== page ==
Americans carry over $800 Billion in credit card debt. Using most recent data from the Federal Reserve Board's Survey of Consumer Finances, Borrowing to Make Ends Meet exposes this and other disturbing trends in American families’ debts and financial assets. The report breaks down debt and asset data by age, race and income demographics, and shows how financial fragility makes the most vulnerable groups of Americans even more so.
- Between 1989 and 2006, Americans’ overall credit card debt grew by 315 percent from $211 billion to $876 billion (2006 dollars).
- Nearly six out of 10 households with credit cards revolved their balances in 2004.The average amount of credit card debt among those households reached an all-time high of $5,219, an increase of 89 percent from $2,768 in 1989.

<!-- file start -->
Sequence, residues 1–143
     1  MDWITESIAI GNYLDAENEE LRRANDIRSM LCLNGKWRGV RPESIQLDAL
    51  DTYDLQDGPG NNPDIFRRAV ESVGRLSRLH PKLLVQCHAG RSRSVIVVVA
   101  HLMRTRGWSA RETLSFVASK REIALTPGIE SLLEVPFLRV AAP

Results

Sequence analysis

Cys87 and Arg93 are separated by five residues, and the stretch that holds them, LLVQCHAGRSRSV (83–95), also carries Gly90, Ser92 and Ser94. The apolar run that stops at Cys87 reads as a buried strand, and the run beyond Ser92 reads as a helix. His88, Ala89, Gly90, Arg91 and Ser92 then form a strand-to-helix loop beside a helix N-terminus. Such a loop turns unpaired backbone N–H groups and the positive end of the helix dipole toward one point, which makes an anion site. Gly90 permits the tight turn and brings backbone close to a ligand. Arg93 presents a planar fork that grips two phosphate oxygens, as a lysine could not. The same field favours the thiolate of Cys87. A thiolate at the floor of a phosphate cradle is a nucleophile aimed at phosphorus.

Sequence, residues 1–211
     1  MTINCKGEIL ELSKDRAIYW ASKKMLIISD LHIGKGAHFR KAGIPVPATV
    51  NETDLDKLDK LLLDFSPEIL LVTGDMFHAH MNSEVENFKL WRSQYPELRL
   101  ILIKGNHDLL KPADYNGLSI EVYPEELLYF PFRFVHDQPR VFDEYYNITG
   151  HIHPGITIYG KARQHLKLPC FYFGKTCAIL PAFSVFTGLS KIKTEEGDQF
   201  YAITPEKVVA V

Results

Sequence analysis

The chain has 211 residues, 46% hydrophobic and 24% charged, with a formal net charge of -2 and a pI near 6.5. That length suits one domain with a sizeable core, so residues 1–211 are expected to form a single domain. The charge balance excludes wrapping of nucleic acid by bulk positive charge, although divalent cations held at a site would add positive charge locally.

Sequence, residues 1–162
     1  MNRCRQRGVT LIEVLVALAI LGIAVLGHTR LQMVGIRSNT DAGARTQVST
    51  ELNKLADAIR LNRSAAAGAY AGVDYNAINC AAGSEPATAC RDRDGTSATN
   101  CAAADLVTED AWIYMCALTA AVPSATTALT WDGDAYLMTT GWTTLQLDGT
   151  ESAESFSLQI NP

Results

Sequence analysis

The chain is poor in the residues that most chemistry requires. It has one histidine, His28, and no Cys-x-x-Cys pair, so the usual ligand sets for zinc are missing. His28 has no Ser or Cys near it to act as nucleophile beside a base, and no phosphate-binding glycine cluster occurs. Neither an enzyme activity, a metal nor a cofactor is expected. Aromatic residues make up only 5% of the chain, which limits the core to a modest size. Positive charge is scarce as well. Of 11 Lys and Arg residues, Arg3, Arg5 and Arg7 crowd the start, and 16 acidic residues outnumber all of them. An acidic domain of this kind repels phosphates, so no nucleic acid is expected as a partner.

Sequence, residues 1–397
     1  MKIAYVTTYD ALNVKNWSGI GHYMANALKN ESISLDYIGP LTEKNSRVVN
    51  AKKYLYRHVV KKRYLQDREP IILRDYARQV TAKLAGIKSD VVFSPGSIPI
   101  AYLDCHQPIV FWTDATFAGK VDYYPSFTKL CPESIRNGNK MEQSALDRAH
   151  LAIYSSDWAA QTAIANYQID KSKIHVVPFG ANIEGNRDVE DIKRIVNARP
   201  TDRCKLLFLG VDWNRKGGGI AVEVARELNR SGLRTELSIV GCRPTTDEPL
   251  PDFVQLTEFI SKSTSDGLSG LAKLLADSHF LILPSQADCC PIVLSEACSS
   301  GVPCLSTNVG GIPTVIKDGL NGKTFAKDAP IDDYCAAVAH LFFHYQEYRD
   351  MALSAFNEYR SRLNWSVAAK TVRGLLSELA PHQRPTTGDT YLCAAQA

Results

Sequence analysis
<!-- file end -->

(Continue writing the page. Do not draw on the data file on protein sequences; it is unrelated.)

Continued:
- From 1989 to 2004, the percentage of credit cardholders incurring fees due to late payments of 60 days or more increased from 4.8 percent to 8.0 percent.
- In 2004, the average credit card-indebted family allocated 21 percent of its income to servicing monthly debtcompared to the 13 percent dedicated to debt payments among all households.
- While white households carry more credit card debt, African Americans and Latinos have a higher percentage of credit card-indebted households. In 2004, of those with credit cards, 84 percent of African-American households and 79 percent of Latino households carried credit card debt compared with 54 percent of white households.
- Since 1989, Americans in the age group of 65 and over have experienced the greatest increase in the amount of credit card debt carried. The average balance for this age group increased 194 percent from $1,669 in 1989 to $4,906 in 2004.